Insider Thinking

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Product managers and other product champions spend a lot of their time driving internal processes and decisions — the daily incremental struggle for progress on pricing, packaging, release schedules, upgrade policies and other bits of the production puzzle. This relentless motivation is indispensable, the tech equivalent of keeping the trains running on time. PMs should also be spending time with customers, refreshing their sense of needs and marketplaces.

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Where Should PM Report?

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A perennial problem for Product Management (PM) is finding the right organizational home.  In companies large enough to have a PM department, it has a tendency to oscillate between Marketing and Engineering.  Two root causes for this are role confusion and organizational distance.  Let’s walk through each in turn, while trying to map a PM’s place in the grand scheme.

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Parenting and the Art of Product Management

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The ‘poop’ on product management: being a product champion is a lot like being a parent. We love our products, make multi-year commitments to their development, hide their shortcomings, and look out for their best long-term interests while other organizations live in the moment.

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The Roadmap Less Traveled

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Every tech start-up struggles to create a roadmap: that short set of PowerPoint slides which defines the next six quarters of updates, minor releases and important advances.  Since product managers strive for clarity, having a product roadmap is a critical communications tool.  However…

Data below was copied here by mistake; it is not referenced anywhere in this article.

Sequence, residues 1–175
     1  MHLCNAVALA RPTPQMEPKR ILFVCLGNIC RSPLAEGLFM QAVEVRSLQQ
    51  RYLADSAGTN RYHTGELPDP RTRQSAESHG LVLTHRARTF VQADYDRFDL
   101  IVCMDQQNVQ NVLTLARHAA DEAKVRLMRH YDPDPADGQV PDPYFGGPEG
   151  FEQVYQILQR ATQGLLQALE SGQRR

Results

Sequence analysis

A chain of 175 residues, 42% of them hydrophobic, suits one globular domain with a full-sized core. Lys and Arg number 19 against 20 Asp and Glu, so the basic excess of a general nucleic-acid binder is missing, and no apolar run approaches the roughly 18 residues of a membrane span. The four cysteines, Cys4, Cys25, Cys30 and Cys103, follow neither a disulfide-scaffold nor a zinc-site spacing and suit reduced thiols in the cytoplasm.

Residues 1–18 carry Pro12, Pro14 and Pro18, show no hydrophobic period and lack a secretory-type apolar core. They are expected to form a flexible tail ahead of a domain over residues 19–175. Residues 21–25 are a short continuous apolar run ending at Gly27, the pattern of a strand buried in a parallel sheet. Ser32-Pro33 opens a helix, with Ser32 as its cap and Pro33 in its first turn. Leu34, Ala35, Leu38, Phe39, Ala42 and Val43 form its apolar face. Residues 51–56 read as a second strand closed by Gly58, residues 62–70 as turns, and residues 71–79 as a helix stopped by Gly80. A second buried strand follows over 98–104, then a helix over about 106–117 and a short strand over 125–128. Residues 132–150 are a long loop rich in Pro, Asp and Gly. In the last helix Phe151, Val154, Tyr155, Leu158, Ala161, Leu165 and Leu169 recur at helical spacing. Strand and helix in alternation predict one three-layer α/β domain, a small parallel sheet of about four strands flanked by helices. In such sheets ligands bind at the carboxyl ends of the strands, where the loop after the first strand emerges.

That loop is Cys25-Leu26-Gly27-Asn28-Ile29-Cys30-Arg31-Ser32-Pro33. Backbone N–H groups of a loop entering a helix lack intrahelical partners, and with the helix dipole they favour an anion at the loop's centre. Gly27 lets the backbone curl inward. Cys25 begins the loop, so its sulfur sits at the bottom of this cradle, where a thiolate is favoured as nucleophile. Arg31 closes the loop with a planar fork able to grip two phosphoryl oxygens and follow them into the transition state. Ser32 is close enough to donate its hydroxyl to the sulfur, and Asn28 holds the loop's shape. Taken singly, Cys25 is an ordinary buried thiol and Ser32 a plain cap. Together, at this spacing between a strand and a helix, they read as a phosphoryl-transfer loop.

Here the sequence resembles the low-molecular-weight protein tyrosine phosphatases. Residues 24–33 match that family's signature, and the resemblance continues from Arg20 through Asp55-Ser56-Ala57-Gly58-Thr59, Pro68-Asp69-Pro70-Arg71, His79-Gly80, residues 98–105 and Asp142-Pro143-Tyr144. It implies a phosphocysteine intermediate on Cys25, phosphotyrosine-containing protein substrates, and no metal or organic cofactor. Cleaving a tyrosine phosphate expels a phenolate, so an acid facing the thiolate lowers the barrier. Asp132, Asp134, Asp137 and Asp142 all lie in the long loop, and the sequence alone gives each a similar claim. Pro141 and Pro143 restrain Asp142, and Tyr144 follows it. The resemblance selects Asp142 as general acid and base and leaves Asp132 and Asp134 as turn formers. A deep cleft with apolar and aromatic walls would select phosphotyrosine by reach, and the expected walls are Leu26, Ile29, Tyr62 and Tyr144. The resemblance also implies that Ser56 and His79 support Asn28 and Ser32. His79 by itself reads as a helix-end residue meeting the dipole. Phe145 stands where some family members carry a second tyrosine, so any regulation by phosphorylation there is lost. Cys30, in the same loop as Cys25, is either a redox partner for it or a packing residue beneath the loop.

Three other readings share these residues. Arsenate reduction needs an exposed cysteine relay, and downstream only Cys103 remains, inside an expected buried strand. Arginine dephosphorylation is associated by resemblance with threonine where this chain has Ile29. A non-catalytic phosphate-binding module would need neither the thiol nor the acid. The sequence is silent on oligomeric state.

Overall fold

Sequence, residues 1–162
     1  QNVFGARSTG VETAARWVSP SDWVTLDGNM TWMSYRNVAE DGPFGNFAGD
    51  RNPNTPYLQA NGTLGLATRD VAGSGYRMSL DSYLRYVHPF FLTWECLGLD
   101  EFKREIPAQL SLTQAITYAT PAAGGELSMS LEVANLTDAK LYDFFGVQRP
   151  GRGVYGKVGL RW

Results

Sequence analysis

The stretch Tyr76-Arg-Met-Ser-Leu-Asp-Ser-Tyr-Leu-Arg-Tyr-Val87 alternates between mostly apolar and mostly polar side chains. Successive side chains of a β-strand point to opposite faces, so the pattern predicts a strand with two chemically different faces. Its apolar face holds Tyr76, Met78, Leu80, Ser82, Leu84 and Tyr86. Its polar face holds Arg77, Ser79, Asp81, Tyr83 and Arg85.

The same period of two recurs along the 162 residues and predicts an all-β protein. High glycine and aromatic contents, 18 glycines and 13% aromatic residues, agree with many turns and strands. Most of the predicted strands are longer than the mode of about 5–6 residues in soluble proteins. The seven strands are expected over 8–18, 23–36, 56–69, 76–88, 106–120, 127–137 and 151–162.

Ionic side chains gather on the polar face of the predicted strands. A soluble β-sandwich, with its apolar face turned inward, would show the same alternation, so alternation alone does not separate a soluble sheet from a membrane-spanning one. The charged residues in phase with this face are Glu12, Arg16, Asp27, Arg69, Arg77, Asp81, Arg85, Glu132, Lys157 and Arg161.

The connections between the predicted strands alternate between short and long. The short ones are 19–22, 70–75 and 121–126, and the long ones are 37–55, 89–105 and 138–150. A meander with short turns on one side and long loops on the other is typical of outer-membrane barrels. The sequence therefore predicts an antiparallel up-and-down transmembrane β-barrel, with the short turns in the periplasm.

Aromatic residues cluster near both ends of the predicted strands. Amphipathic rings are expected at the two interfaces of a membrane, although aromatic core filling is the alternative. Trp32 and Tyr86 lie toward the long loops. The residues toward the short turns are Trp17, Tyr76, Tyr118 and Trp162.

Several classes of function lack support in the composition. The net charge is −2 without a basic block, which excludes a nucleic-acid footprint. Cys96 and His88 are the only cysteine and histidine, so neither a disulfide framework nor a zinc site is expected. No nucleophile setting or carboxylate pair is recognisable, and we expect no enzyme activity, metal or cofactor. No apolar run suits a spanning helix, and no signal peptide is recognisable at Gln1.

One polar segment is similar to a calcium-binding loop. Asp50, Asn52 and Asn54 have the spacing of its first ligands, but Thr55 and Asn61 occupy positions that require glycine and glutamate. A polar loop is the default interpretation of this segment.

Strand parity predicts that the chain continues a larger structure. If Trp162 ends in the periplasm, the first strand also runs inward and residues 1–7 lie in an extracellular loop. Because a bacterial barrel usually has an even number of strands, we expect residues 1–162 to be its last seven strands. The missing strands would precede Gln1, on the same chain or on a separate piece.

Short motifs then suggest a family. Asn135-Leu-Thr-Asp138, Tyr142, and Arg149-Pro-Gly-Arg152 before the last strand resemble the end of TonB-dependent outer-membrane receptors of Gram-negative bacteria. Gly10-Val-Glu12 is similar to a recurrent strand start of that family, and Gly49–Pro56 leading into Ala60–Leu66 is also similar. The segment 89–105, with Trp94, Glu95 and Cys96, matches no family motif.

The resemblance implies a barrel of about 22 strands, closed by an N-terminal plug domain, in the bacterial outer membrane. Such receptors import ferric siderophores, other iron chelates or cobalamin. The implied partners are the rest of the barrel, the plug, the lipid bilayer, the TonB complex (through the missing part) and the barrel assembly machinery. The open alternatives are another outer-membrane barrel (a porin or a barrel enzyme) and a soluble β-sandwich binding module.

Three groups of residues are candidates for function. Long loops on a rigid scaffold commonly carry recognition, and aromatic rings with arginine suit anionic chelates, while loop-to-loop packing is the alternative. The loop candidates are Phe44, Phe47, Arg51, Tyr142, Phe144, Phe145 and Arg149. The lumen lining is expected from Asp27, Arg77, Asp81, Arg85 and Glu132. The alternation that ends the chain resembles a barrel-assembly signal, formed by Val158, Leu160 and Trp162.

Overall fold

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The "Null Service"

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hosted application infrastructure

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The Strategic Secret Shopper

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what are your competitors saying?

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What’s Your Pricing Metric?

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it’s the unit, not the price

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Open Innovation: A Great Strategy Book

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I’ve had the chance to read Henry Chesbrough’s new book, “Open Innovation: the New Imperative for Creating and Profiting from Technology.” It’s an insightful mix of practice and theory about how big technology companies are shifting their thinking about R&D — and the opportunities this creates for little companies.  Following are a synopsis, a brief author bio, and two lessons I found especially important for start-ups.  I hope you’ll buy a copy.

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